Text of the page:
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What kind of plane are you flying on? How to check amid Boeing 737 Max 9 concerns

Near-disaster over Oregon causes mass grounding of jets, with safety investigation underway

Joe Sommerlad
Tuesday 09 January 2024 18:13 GMT
US officials order grounding of Boeing 737-9 Max jetliners after fuselage blowout

The US Federal Aviation Administration has grounded all Boeing 737 Max 9 jetliners currently in service with domestic airlines while an investigation is carried out into the mechanical fault that forced a flight heading to California to make an emergency landing in Portland, Oregon, on Friday 5 January.

Alaska Airlines Flight 1282 had 171 customers and six crew members on board when a door panel blew out, a terrifying incident that caused a large part of the fuselage to be ripped off and the cabin to depressurise at three miles above the surface, requiring immediate action from the pilot to avert tragedy.

Cabin crew and passengers alike have since been praised for keeping calm during the ordeal, with everyone putting on their oxgyen masks in good time as instructed and only minor injuries sustained as the jet made its dramatic return to Portland International Airport.

The National Transportation Safety Board is now investigating the episode and has already recovered part of the missing “mid-cabin door plug” from the back garden of a local school teacher.

Both Alaska Airlines and United Airlines have since said they have discovered loose bolts on same the Boeing models as they carry out safety inspections of their own in response to the near-disaster.

For its part, Boeing has said of the episode: “As operators conduct the required inspections, we are staying in close contact with them and will help address any and all findings.

“We are committed to ensuring every Boeing airplane meets design specifications and the highest safety and quality standards.

“We regret the impact this has had on our customers and their passengers.”

The situation has understandably left many people anxious about their own upcoming air travel and wondering how they might be able to determine in advance what kind of plane they are about to board.

Travel writer Stephen Au has written an extensive guide for the Upgraded Points website advising passengers on how they can use publicly-available information to make sure they are in the know before flying.

The writer stresses, as so many others have before him, that air travel is statistically the safest mode of travel available but advises that you can use sites like FlightRadar24, Seat Guru, FlightAware and Google Flights to determine beforehand precisely what model of plane has been assigned to your journey.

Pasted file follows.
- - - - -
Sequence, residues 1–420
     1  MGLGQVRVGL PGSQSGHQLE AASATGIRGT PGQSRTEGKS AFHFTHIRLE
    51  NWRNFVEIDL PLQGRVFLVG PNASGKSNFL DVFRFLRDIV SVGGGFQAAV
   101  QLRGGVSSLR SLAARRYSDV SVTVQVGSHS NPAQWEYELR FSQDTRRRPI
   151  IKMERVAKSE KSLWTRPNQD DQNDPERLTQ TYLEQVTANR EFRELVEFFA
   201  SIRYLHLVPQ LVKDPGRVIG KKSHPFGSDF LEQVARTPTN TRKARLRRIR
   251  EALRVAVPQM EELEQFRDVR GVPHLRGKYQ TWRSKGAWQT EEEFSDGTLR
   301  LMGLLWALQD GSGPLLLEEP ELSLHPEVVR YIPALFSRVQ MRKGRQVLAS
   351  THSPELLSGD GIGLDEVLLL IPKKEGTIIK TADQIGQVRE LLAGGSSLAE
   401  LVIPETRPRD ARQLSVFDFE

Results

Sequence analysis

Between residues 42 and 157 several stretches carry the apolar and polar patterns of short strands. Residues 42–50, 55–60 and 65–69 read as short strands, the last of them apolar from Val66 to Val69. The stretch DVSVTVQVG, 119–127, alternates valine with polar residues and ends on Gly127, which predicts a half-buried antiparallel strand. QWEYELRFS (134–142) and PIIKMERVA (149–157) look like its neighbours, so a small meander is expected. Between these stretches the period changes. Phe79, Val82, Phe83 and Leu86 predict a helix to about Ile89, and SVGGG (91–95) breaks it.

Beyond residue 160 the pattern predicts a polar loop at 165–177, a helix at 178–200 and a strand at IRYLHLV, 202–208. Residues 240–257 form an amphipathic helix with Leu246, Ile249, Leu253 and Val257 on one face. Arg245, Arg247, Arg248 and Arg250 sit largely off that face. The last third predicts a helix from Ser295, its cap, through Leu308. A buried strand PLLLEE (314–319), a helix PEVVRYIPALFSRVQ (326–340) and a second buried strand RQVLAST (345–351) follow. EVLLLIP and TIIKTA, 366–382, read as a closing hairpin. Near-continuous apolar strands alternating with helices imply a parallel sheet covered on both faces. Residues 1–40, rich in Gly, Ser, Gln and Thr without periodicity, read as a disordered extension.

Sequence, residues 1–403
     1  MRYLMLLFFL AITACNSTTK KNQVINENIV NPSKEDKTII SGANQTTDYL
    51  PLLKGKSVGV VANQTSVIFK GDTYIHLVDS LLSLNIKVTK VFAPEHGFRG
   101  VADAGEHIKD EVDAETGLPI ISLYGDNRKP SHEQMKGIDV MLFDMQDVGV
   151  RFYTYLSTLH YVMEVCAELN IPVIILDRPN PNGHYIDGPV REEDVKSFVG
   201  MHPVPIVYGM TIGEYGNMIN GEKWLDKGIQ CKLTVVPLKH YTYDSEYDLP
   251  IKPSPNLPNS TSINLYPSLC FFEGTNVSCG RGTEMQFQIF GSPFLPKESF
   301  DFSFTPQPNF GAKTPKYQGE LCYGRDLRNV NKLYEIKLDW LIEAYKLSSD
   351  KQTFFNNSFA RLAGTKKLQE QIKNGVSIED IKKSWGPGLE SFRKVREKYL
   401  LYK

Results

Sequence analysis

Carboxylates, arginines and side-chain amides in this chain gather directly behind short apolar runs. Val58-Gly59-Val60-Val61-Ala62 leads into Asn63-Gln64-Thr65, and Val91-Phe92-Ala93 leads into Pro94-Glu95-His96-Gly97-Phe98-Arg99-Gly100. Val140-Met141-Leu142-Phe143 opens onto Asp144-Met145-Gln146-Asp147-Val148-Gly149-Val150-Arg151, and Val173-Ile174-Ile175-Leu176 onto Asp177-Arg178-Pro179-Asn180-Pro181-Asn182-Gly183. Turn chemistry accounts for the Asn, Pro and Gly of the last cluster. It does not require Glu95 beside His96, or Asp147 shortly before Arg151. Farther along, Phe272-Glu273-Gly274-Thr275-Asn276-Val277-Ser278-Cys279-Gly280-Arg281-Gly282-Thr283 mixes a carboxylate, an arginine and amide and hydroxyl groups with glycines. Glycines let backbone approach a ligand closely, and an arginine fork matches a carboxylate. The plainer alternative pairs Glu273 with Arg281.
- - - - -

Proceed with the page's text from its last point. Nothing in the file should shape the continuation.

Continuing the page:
The gaping hole where the paneled-over door had been at the fuselage plug area of Alaska Airlines Flight 1282 (National Transportation Safety Board)

By simply entering a few basic details about your upcoming flight into their search engines – such as the name of the airline, the date and time it is due to take off and a flight number, if you have it – you can quickly find that information out.

If you are already at the gate and wish to know, Au advises you to look for a manufacturing name like “Airbus” or “Boeing” on the aircraft’s hull or a serial number beginning with “A2” or “A3” or a “7”.

Either of the first two indicates an Airbus model, the last implies a Boeing.

If you wish to know more about what models a given airline has within its fleet, you can use a site like Plane Spotters to find a complete list of aircraft currently in service with that company.

For instance – and as you would expect – the site reports that all 65 of Alaska Airlines’ Boeing 737 Max 9’s are currently parked.

It also reveals that those 65 Max 9’s have an average age of just 1.8 years, underlining their relative newness.

The site also lists the tail numbers of each craft, which Au advises you to note down if you wish to cross-reference a specific plane with the information held about it on Flight Radar.

By searching for a given tail number there, you can then pull up a complete record of that specific plane’s journey history, offering you an insight into exactly how old it is and what routes it has typically been deployed along.

Again, it is worth reiterating that the case of Flight 1282 is only newsworthy because it is so out-of-the-ordinary, so readers are advised not to worry excessively about upcoming journeys and instead to trust in the safety inspectors to get to the root of the problem and ensure there is no repeat of last week’s drama over Oregon.

As The Independent’s own travel expert Simon Calder writes of the Max 9 this week: “I have found the aircraft excellent to fly on, and I trust the judgment of the captain and his or her airline.”

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